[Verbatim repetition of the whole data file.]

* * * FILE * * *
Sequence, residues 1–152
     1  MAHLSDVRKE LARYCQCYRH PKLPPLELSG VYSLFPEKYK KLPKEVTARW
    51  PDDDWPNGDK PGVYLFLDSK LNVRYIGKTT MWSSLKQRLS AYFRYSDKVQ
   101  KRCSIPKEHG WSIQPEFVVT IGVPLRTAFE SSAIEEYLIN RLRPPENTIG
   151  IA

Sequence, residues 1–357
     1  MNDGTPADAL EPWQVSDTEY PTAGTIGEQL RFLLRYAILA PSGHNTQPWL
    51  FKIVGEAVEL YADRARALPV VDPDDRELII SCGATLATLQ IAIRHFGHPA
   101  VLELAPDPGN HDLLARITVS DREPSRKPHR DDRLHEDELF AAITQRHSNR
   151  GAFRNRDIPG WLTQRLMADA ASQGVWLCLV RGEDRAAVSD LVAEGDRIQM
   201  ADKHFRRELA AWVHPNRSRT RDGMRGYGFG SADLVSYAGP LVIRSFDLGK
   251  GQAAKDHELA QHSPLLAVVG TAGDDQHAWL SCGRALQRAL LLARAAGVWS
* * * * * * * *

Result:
Sequence, residues 1–152
     1  MAHLSDVRKE LARYCQCYRH PKLPPLELSG VYSLFPEKYK KLPKEVTARW
    51  PDDDWPNGDK PGVYLFLDSK LNVRYIGKTT MWSSLKQRLS AYFRYSDKVQ
   101  KRCSIPKEHG WSIQPEFVVT IGVPLRTAFE SSAIEEYLIN RLRPPENTIG
   151  IA

Sequence, residues 1–357
     1  MNDGTPADAL EPWQVSDTEY PTAGTIGEQL RFLLRYAILA PSGHNTQPWL
    51  FKIVGEAVEL YADRARALPV VDPDDRELII SCGATLATLQ IAIRHFGHPA
   101  VLELAPDPGN HDLLARITVS DREPSRKPHR DDRLHEDELF AAITQRHSNR
   151  GAFRNRDIPG WLTQRLMADA ASQGVWLCLV RGEDRAAVSD LVAEGDRIQM
   201  ADKHFRRELA AWVHPNRSRT RDGMRGYGFG SADLVSYAGP LVIRSFDLGK
   251  GQAAKDHELA QHSPLLAVVG TAGDDQHAWL SCGRALQRAL LLARAAGVWS